The objective of this study was to assess the impact of a new government-subsidized supermarket in a high-need area on household food availability and dietary habits in children. In September 2011, a new supermarket was opened in the Morrisania community in the South Bronx, New York, with funding from New York City’s Food Retail Expansion to Support Health (FRESH) program. Researchers used a difference-in-difference study design with a geographically close and demographically similar comparison group, and collected shopping and consumption data from each neighborhood. Data on children were collected through parents/caregivers via a street-intercept survey and follow-up 24 hour dietary recall in three waves—before the new supermarket opened, during the first months of opening, and one year after opening. The analyses suggest that the new store had minimal effect on household food availability and no statistically significant impact on consumption habits within the first year of opening. The authors explore possible explanations for these results, including access to and reliance on supermarkets prior to the new store opening, the ubiquity of processed foods in supermarkets, and the financial appeal of processed foods.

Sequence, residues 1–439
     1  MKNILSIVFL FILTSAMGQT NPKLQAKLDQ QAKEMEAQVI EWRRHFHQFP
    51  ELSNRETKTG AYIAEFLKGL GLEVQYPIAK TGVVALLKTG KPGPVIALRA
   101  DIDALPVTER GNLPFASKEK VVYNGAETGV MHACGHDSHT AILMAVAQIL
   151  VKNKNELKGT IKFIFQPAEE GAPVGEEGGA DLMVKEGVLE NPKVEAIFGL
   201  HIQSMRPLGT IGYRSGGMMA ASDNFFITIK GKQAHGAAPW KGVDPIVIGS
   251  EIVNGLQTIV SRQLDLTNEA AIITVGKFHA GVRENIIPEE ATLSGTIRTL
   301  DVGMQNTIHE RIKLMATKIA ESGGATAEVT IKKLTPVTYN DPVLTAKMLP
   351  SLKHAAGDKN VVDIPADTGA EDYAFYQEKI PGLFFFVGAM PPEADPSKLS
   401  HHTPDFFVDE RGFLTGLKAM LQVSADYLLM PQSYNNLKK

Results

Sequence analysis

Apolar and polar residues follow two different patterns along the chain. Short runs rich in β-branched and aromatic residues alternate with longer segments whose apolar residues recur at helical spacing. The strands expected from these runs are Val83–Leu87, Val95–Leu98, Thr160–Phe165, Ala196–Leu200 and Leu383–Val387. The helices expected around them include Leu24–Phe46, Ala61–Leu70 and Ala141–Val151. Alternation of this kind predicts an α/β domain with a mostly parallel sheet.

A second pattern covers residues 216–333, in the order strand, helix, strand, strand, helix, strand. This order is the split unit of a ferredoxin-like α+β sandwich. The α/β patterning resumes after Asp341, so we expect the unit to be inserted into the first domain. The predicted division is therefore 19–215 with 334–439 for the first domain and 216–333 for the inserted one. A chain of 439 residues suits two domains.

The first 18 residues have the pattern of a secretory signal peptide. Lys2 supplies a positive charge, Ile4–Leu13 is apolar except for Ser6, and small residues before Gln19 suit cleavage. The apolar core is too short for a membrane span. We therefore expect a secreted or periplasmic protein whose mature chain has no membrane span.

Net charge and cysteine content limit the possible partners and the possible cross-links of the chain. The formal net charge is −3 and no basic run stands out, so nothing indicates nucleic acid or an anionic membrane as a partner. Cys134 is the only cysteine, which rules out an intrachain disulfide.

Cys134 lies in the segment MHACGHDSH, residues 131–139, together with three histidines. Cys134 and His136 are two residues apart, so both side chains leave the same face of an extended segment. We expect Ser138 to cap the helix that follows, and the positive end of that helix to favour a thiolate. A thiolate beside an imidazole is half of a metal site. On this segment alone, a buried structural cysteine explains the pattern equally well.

Published: February 2015
ID #: 68236
Journal: Public Health Nutr
Authors: Elbel B, Moran A, Dixon LB, et al.
Resource Type: Journal Article
State: New York
Measuring Micro-Level Effects of a New Supermarket: Do Residents Within 0.5 Mile Have Improved Dietary Behaviors?This study aimed to examine whether a newly opened supermarket in the Bronx, NY, changed household food availability and consumption of healthy and unhealthy food items among families who lived within half a mile of the new supermarket. Participants were recruited through street intercept surveys, with a subset of respondents later completing a 24-hour dietary More